To try to cheer myself up, I started volunteering at the Red Cross Op Shop in Palmerston and taking friends and workmates on tours of Kakadu.

But my family were always on my mind.

On their birthdays, I got a baker friend in Bangladesh to deliver cakes and balloons.

My daughters’ classmates from Wagaman Primary School sang them happy birthday via video link, and I took a cake and samosas to their school.

Time dragged on and still the borders remained closed.

Two years after I’d last seen my family a friend rang and cried: “Australia’s going to open!”

I felt a shudder down my spine.

Talking to family as they flew.

(Image: Supplied)

I immediately hopped online and tried to book flights but they were cancelled three times.

Finally, a booking held.

We’re on the plane, Reemi texted, sending me a picture.

I could scarcely believe it.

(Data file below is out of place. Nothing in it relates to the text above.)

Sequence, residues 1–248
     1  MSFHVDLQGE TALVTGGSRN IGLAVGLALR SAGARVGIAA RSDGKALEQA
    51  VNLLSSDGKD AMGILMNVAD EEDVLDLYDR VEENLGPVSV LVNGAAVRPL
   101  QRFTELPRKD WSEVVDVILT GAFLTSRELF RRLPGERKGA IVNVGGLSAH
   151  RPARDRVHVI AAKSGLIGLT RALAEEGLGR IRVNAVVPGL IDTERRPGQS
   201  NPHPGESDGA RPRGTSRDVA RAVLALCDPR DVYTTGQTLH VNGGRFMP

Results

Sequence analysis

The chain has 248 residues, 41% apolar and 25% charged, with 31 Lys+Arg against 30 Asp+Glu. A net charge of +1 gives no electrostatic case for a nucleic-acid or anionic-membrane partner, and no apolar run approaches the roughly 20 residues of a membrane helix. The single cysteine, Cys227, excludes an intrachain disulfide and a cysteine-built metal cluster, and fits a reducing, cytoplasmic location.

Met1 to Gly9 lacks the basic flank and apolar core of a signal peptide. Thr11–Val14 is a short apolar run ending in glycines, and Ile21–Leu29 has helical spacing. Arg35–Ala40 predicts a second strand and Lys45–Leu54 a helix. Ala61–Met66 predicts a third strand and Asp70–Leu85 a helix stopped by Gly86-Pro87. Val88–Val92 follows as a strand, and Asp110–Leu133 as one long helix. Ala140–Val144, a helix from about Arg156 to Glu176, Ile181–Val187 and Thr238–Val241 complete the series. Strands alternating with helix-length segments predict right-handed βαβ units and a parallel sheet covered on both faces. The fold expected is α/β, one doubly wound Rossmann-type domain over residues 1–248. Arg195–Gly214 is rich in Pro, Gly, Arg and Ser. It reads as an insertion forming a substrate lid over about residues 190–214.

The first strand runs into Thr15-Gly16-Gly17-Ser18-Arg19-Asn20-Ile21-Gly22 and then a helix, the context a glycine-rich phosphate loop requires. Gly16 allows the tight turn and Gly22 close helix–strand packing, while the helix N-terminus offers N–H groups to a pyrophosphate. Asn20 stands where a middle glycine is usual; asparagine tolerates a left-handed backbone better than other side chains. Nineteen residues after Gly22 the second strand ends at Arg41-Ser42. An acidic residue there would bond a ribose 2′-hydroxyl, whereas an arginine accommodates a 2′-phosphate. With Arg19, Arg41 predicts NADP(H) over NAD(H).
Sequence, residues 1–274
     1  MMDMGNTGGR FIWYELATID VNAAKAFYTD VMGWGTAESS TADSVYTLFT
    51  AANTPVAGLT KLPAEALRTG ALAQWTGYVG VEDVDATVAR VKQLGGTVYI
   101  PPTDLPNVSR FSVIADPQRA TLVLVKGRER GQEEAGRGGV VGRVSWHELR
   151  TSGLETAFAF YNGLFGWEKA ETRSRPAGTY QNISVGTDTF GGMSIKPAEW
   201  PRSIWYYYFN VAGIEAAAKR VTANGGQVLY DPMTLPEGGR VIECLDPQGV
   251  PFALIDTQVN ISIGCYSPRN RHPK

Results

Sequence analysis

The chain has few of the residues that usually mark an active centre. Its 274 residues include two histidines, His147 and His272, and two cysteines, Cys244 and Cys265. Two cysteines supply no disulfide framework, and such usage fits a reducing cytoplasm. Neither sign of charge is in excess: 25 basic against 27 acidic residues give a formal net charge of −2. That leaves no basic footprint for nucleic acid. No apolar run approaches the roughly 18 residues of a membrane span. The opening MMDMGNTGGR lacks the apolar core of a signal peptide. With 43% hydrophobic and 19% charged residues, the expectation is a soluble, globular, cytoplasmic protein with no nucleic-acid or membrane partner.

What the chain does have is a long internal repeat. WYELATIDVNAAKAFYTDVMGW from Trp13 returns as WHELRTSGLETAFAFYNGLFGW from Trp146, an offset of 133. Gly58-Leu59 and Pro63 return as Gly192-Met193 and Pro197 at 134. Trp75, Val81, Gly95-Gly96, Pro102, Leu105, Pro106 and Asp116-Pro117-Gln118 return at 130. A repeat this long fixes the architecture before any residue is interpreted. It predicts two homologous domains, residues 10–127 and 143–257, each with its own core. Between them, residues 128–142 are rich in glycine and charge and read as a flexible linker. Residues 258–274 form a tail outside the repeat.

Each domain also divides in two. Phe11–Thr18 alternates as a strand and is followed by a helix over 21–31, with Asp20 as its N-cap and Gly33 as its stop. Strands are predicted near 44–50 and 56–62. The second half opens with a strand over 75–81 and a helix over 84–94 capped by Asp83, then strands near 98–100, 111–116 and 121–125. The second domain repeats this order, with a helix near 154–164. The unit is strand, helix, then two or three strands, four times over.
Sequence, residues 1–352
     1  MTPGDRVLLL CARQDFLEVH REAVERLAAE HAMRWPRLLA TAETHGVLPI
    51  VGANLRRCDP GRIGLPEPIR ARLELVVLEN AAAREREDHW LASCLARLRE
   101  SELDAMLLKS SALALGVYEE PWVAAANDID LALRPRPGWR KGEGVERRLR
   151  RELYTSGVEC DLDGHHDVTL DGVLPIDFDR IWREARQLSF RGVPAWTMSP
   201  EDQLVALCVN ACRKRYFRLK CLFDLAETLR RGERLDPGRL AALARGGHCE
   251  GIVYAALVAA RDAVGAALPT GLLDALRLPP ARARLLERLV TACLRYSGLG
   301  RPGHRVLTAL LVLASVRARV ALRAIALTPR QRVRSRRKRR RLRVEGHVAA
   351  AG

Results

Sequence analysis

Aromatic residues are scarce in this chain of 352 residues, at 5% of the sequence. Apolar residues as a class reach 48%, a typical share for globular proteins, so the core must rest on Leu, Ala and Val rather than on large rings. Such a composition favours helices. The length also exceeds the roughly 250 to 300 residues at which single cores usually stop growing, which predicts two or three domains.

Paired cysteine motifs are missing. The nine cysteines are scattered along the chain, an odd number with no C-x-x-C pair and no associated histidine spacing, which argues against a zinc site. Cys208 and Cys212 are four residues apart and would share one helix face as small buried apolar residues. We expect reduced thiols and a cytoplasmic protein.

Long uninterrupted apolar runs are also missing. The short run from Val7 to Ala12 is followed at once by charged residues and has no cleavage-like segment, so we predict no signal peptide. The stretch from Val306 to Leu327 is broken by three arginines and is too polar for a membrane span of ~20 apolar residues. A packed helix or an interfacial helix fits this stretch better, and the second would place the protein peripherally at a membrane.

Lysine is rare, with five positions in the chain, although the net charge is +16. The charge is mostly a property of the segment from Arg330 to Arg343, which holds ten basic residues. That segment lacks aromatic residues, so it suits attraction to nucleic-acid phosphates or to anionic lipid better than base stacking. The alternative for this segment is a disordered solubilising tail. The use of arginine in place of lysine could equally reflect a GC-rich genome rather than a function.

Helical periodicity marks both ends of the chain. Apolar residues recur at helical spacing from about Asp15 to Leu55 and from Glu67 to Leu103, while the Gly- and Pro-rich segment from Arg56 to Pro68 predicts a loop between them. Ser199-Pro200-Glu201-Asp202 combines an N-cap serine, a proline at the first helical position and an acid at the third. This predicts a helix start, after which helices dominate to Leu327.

I tracked the flight on my phone, nervously checking every few minutes to see their progress.

They flew to Singapore, then Sydney and were due to fly to Brisbane next but Reemi called me upset.

“When we get to Brisbane, we have to go into hotel quarantine for 14 days,” she said.

They weren’t even leaving the airport, but those were the state’s rules.

“Don’t get on the plane yet,” I instructed, calling my travel agent who was able to put them on a direct flight to Darwin the following day.

Reunited at Darwin airport.

(Image: Supplied)

After two years apart, we’ve been on lots of outings, but I’ve learned you don’t need to go far at all to be happy.

(Image: Supplied)

When they touched down at 1am, I ran towards them and we all hugged and cried.

“I love you,” I said.

The girls were so much taller.

Their faces had changed and their personalities had matured.

It was surreal.

“It’s so good to be home,” Reemi said. “I can’t believe you’ve managed for two years without my cooking!”

Being separated has brought us even closer.

We now cherish every moment.

After two years apart, we’ve been on lots of outings, but I’ve learned you don’t need to go far at all to be happy.

All you need is your family beside you.